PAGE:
Date of Completion


Embargo Period



phobia, college students, qualitative

Major Advisor

Dr. James O'Neil

Associate Advisor

Dr. Robin Grenier

Associate Advisor

Dr. Orville Karan

Field of Study

Educational Psychology


Doctor of Philosophy

Open Access

Campus Access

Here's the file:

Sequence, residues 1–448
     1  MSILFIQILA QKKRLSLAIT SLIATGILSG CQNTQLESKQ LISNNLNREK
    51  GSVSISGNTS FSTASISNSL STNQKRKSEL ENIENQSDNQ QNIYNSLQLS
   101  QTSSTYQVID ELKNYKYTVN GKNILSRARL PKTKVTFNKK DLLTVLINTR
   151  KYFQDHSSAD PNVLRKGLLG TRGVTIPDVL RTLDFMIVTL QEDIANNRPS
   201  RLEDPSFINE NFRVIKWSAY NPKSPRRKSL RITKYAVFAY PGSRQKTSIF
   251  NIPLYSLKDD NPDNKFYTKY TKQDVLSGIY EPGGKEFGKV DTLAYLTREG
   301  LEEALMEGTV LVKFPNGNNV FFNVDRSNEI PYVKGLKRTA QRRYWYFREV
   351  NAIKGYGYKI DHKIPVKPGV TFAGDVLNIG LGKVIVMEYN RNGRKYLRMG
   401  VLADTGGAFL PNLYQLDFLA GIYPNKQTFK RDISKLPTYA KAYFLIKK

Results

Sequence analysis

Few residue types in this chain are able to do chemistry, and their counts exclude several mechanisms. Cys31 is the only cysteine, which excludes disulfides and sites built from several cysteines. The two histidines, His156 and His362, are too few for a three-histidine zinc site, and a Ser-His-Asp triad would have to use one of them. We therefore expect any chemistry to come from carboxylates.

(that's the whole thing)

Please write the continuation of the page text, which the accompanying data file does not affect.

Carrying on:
Phobias, including specific, social and agoraphobia, are the most common psychiatric disorders in the United States. Although much research has been conducted on the origins of phobias, little has been studied on the lived experiences of individuals with phobias, in particular the experience of college students with phobias. This study used a qualitative basic interpretive design to ascertain the unique experiences college students have with phobias and the coping strategies they implement to manage their phobias. Participants were 10 students who self-reported with phobias. Data collection included a brief demographic questionnaire and two semi-structured, audio taped interviews. Data were analyzed using open and axial coding and constant comparative methods. The results indicated that students with phobias: (a) experienced physical reactions as a result of triggers; (b) experienced a fear of failure in the formation and maintenance of the phobia; (c) had difficulty forming and maintaining relationships, (d) wanted to overcome the phobia on their own; (e) used avoidance coping; and (f) had elaborate rituals to cope. The study enhances college professionals’ understanding of students’ unique challenges and provides needed information for counseling students on campus.